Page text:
The government should provide Twitter users reason for blocking their accounts, the social media platform argued before the Karnataka High Court on Thursday, Live Law reported.
The High Court is hearing a plea filed by Twitter challenging Central government’s orders to block 39 tweets and accounts on the platform between February 2021 and February 2022.
At the last hearing of the matter on October 17, the court had referred to phrase “reasons to be recorded” mentioned in the part of the Information Technology Act, which deals with blocking of social media content. The judges had asked whether the public could be given access to the reasons for blocking.
On Thursday, Senior Advocate Ashok Haranahalli, appearing for Twitter, argued that besides recording the reasons for blocking an account, the authorities should also communicate them to the users.
He contended that unless the reasons are mentioned, a user or a social media platform like Twitter will not be able to challenge the blocking order in a court, Bar and Bench reported.
The court then pointed out that there are certain laws where Parliament has decided to add the phrase “reasons to be recorded and communicated”.
“Based upon that…Once Parliament says ‘reasons to be recorded’ [in IT Act], it meant reasons [for blocking accounts] should not be communicated to the party,” the court said.
To this, Haranahalli said that mere recording of reasons will not be of any help. He added that not informing the users reasons for blocking their accounts cannot be considered a safeguard.
“Even in absence of the word ‘communicated’, the reasons so recorded should be communicated unless there is public interest,” the lawyer argued.
The hearing was adjourned till November 16 after Additional Solicitor General MB Nargund sought more time to make his arguments.
At earlier hearings too, Twitter has told the court that rights of the users under Article 19 (right to freedom of speech and expression) are infringed if their accounts are blocked without notice and that the reason for restricting accounts should be mentioned.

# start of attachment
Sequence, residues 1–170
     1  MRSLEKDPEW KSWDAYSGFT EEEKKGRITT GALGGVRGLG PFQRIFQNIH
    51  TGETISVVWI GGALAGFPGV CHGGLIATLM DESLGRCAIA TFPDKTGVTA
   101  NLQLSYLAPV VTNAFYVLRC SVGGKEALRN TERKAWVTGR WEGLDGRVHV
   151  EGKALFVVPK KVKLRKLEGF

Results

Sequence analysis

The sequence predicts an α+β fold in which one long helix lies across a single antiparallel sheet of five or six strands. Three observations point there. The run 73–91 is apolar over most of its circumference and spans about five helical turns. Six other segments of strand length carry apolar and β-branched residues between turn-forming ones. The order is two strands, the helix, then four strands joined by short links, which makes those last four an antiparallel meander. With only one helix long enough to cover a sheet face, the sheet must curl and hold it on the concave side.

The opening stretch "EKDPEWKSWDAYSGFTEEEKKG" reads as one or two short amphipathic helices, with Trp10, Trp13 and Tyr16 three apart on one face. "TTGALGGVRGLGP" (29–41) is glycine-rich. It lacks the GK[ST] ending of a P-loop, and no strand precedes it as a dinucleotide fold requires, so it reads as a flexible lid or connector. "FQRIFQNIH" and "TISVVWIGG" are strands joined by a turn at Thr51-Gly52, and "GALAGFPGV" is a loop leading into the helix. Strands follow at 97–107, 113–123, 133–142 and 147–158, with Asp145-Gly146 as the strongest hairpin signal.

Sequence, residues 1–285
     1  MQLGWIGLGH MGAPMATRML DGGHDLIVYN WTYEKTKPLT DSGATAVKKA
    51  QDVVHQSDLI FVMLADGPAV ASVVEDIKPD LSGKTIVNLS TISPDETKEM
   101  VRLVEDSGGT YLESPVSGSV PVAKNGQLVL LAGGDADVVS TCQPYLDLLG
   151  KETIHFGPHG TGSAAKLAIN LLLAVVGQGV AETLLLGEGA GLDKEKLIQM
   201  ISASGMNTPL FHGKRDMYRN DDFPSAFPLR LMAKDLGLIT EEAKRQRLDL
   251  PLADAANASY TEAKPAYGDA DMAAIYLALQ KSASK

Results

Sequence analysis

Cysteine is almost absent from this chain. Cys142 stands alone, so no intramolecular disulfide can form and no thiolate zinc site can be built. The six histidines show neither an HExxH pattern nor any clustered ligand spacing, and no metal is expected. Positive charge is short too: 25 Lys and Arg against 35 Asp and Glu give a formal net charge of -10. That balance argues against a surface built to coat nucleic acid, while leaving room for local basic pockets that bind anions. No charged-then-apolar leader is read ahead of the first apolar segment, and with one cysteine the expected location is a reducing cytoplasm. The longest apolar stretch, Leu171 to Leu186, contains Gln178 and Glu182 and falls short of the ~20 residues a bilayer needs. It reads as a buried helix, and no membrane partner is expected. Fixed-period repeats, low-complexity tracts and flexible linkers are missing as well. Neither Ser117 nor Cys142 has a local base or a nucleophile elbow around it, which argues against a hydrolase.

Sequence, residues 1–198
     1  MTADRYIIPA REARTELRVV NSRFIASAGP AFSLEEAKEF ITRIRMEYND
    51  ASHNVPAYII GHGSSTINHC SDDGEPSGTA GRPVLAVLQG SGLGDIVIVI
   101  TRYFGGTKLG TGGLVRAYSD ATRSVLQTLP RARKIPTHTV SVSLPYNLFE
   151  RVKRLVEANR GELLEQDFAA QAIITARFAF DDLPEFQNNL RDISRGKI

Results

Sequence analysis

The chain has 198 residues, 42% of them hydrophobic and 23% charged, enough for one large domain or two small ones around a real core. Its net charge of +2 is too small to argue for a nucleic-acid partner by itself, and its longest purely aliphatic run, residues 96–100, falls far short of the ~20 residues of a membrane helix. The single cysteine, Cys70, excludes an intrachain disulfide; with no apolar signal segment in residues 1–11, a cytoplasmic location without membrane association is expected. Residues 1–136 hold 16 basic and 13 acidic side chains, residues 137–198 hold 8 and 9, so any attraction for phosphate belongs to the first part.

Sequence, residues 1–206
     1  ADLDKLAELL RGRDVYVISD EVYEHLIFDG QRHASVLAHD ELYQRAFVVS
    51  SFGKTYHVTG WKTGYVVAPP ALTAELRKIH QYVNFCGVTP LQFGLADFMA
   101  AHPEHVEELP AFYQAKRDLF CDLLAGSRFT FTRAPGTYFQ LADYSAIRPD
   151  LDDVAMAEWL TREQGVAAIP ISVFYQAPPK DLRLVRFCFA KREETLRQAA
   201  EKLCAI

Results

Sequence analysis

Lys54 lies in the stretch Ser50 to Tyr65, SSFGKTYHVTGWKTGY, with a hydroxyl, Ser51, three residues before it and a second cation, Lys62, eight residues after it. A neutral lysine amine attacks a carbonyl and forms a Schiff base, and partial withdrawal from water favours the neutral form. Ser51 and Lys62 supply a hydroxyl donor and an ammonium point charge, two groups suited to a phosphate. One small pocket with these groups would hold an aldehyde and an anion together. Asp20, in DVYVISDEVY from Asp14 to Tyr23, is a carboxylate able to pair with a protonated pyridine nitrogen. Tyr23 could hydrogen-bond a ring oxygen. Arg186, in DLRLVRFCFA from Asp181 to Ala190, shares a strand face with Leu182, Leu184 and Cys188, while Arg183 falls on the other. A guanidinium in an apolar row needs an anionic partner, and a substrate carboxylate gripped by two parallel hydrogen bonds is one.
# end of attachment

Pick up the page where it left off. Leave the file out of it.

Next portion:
The social media company has also argued that orders under Section 69A of the Information Technology Act, 2000, can only be issued if it is in line with the six grounds mentioned in the law.
The grounds for blocking information are that it should be in the interest of sovereignty and integrity of India, defense of the country, security of the state, friendly relations with foreign states, public order or for preventing incitement to the commission of any cognisable offence.
At the last hearing, Senior Advocate Arvind Datar had also contended that intermediaries like Twitter should have the power to move court against a government order to block user accounts on their platform, Live Law reported.
In response, the Centre had argued that platforms like Twitter cannot dictate what constitutes free speech and what content on social media could threaten national security.
In February 2021, the government asked Twitter to remove hundreds of accounts that criticised the Centre over its handling of the large-scale farmer protests that started in November 2020. The social media platform initially refused, but eventually relented after its local employees were threatened with prison time.
In July, Twitter moved the Karnataka High Court challenging the legality of the blocking orders, saying they “demonstrate excessive use of powers”. Twitter told the High Court that between February 2021 and February 2022, the Ministry of Electronics and Information Technology asked it to take down 175 tweets and more than 1,400 accounts.
In April last year, the Centre had asked Twitter to pull down accounts that criticised the government’s handling of Covid-19 during the second wave when lakhs of people died. The Centre has also repeatedly criticised Twitter for not fully complying with the Information Technology rules that came into force in May last year.